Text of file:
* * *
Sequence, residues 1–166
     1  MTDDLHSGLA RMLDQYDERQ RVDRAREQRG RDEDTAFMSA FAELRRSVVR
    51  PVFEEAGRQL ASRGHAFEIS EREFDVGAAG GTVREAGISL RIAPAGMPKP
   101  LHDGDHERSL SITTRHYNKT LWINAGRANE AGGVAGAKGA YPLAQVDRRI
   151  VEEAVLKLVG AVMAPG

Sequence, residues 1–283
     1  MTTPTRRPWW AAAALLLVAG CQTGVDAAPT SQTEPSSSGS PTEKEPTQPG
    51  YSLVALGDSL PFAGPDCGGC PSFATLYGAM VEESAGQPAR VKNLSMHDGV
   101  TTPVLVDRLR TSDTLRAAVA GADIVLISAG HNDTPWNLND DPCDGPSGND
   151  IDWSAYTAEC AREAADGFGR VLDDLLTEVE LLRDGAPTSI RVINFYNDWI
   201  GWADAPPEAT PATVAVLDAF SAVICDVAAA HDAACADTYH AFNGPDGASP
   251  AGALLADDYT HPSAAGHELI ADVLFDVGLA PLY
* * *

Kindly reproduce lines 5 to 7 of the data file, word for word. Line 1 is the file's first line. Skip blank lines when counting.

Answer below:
   151  VEEAVLKLVG AVMAPG

Sequence, residues 1–283
     1  MTTPTRRPWW AAAALLLVAG CQTGVDAAPT SQTEPSSSGS PTEKEPTQPG